Although the month of December can be quite cold throughout much of Europe, in Bali, the temperatures are actually warm this time of the year. The average temperature in December is 27°C (81°F), with an average low of 23°C (73°F), and an average high of 30°C (86°F). The beginning of the month sees cloudy days with some sun mixed in, a decent chance of rain, and an average daily temperature of 27°C (81°F), which only drops slightly as the month goes on.
The middle of the month sees less sun and a higher chance of rain, while the end of December brings almost constant rain. The lowest ever recorded temperature in Bali in December is 18°C (64°F), while the highest ever recorded temperature is 40°C (104°F). Although the “wet season” has already been going on for two months, the amount of rainfall is not yet significant until we reach December.
This month, the average amount of rainfall is start from 90mm, occurring over the span of 13 days. This is 20mm more than in November, and on average, tied for the most rainfall of any month. An increase in rain also means less sunshine, and the average daily sunshine in December is just seven hours. This doesn’t mean when it rains it lasts all day however, as days with rainstorms can still produce sunny afternoons or evenings, or vice versa, with days beginning with lots of sun, before a rainstorm that night.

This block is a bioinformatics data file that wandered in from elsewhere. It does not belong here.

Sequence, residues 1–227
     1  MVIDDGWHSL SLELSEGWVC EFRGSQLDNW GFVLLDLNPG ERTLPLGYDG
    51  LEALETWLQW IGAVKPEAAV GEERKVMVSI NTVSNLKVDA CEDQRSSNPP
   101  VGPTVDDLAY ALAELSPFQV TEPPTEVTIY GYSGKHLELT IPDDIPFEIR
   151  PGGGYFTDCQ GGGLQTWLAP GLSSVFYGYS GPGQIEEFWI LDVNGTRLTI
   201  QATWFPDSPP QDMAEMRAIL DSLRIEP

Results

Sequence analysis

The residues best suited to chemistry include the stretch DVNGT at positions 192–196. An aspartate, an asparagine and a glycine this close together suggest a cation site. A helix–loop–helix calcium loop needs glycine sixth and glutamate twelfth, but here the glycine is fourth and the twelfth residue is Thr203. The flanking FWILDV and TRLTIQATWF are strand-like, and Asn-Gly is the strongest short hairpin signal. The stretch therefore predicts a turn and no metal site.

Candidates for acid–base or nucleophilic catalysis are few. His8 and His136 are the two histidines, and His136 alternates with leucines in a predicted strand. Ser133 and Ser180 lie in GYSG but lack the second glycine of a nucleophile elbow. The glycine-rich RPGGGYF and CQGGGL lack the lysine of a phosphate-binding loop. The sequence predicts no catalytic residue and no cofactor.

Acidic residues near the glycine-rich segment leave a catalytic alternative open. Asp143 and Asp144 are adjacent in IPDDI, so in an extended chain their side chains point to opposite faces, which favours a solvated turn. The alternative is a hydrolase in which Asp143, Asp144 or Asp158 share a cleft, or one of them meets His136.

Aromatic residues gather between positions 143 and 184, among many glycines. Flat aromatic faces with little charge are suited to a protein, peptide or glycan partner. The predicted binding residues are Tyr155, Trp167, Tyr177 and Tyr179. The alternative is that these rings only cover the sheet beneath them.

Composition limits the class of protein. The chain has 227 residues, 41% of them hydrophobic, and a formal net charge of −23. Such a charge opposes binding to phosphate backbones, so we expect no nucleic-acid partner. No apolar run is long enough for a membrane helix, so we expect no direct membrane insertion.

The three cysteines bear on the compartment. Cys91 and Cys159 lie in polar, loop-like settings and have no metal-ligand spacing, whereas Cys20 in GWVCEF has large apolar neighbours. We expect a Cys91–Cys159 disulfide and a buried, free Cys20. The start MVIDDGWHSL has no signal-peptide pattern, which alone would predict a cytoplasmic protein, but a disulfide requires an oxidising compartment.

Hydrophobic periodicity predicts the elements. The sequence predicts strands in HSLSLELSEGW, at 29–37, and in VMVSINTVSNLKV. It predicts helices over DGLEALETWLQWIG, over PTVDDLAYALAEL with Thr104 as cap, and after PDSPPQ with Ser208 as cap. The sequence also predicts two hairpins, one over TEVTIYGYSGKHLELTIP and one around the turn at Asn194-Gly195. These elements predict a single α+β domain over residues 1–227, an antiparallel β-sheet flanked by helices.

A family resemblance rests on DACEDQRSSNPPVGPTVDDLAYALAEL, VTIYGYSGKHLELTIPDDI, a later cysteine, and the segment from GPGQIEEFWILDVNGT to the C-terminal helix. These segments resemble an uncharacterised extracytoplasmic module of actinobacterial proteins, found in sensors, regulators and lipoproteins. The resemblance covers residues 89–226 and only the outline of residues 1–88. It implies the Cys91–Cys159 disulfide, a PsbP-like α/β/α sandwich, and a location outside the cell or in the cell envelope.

Even though December is when wet season begins to peak, it is still a great time to enjoy the beaches when it’s not raining because of the sea temperature. The average sea temperature this month is 27°C (81°F), which is warm water and enjoyable even for extended periods of time. Humidity totals in December remain the same on average as they are in November, with an average level of 75%, which is slightly uncomfortable. They due start to increase as the month goes on, as January produces some of the highest humidity levels of the year.
The month of December is a very popular time for Australians to visit Bali, as many choose to celebrate Christmas here – and enjoy the amazing surf – although this is a popular destination for Australians year-round as well. Many restaurants and hotels cater to the high percentage of Aussies, and now serve items local to Australia. There are also several establishments throughout Bali that are owned and run by Australians, further making visitors from this continent feel at home.